The 2020 XT6 is Cadillac’s all-new three-row crossover. Cadillac photo

Cadillac XT6 represents turning point for GM’s luxury brand

Getting the funk out

2020 will be an important for year for Cadillac. GM’s legendary luxury brand has had a couple years of floating around trying to find its identity. They’re in a bit of a funk. They’ve rearranged their naming convention, dropped cars from their product line and even moved their headquarters from Detroit to New York City. Some of this has led to success and some has not. For example, Cadillac announced that they will, once again, get away from alpha numeric names for their products. For that, I salute them. For 2020, they launch an all-new midsize SUV that they need to succeed.

My tester is this brand new XT6. You might’ve seen an aggressive ad campaign for it along with some product placement of this vehicle in several TV shows. Cadillac is doing right by this vehicle, but does it really accomplish what it needs to? Does it bring back some of the Cadillac mojo?

The styling of the XT6 is a homerun. It lacks a little bit of the edge that I grew to like and appreciate from Cadillac’s cars like the CTS and ATS which are discontinued. So perhaps this indicates the new look for Cadillac.

If that’s the case, I’m OK with that as the XT6 is gorgeous. The grille could be a little more dynamic, but otherwise the LED headlights are both distinctive and stylish. The back side is attractive with dual exhaust pipes showing a bit of Cadillac’s aggressive side, as does the rear spoiler. All in all, the XT6 shows that Cadillac is maturing, but shows it has a modern look with mass appeal. That’s not easy to accomplish from a design standpoint.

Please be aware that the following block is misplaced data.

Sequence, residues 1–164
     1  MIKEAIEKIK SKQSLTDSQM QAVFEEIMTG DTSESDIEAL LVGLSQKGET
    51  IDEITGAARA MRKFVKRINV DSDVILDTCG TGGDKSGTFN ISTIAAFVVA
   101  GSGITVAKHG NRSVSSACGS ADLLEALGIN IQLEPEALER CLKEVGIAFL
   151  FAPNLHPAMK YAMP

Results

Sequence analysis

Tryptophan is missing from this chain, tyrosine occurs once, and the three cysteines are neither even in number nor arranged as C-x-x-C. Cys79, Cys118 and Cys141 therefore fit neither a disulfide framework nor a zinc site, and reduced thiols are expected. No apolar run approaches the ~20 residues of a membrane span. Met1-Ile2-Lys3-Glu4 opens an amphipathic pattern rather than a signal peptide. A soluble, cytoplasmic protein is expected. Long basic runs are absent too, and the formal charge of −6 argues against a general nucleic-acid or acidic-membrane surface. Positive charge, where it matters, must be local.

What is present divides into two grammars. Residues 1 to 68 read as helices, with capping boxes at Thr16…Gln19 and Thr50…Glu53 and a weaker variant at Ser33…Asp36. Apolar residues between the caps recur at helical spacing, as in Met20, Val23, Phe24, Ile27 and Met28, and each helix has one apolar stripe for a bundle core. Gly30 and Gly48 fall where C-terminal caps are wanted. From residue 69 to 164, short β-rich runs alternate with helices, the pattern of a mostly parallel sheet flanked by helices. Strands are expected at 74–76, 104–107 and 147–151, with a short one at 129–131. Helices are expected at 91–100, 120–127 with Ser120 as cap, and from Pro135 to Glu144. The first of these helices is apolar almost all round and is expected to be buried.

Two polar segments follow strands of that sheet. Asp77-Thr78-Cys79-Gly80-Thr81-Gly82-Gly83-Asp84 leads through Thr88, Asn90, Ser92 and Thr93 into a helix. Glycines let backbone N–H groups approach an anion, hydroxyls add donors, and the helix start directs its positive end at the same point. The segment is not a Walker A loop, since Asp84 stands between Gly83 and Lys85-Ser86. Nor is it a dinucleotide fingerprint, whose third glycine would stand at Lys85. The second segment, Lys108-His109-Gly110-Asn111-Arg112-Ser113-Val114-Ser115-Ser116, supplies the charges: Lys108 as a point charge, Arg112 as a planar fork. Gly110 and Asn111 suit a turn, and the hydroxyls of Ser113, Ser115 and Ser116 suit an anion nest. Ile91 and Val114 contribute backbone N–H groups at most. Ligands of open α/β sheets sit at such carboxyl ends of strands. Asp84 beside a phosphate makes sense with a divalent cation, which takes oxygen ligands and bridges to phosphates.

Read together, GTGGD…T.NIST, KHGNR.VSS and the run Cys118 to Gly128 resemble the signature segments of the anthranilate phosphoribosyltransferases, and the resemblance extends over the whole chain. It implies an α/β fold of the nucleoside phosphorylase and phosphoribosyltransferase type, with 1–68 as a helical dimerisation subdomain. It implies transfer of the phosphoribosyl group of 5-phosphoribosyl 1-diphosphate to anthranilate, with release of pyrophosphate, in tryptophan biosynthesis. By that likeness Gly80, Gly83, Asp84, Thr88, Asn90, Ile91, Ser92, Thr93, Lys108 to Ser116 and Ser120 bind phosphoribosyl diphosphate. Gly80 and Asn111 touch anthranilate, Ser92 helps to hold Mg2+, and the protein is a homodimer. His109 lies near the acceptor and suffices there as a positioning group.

I have to judge the performance of the XT6 for what it is and not for what it isn’t. As noted, I was a huge fan of the CTS and ATS. Those were aggressive cars with a lot of off-the-line performance. The XT6 is not quite that. But the 3.6-liter V6 engine does produce 310 horsepower so once again, Cadillac has developed this SUV to be just enough. It’s not aggressive, but it’s not pokey either. The nine-speed automatic transmission is outstanding and redeems this SUV’s overall performance. With all-wheel drive, it will be an excellent vehicle in varying road conditions and perform well as a family vehicle or daily driver.

Inside, the XT6 is everything you expect a Cadillac to be. Although billed as a seven-passenger, the SUV is lacking in comfort for those passengers asked to sit in the third row. My tester came with second-row captain’s-style seats which means it’s only a six-person vehicle. But that means more shoulder room and more legroom for those in the second row.

Generally, the XT6’s touchpoints are outstanding. This SUV doesn’t have the over-the-top luxury of the Escalade but it’s certainly better than a Buick. Some of GM’s identity crisis with Cadillac is trying to give this brand more distinction and separating itself from Buick and even high-end GMCs. The XT6 accomplishes this, mostly.

And it better as it comes at a price. My tester, which was the Sport trim, had a standard vehicle price of $57,095. With options and packages, my tester had a final MSRP of $71,840.

Herein lies GM’s struggle with the Cadillac brand. Other than the name, you have to really blow the consumer away with such a high-priced vehicle. I’m not sure they did this with the XT6. Time will tell if the consumer agrees with me.

For fuel economy, the XT6 is a little disappointing, too. It has an EPA rating of 17 mpg/city and 24 mpg/highway. In a week’s worth of driving I averaged just over 20 mpg.

Cadillac attempts to have mass appeal with this oh-so-important XT6. That’s a big task that usually leads to being too safe. The XT6 straddles that line of being too conservative, but does just enough to make this an appealing luxury SUV that might bring Cadillac out of the funk it’s been in.

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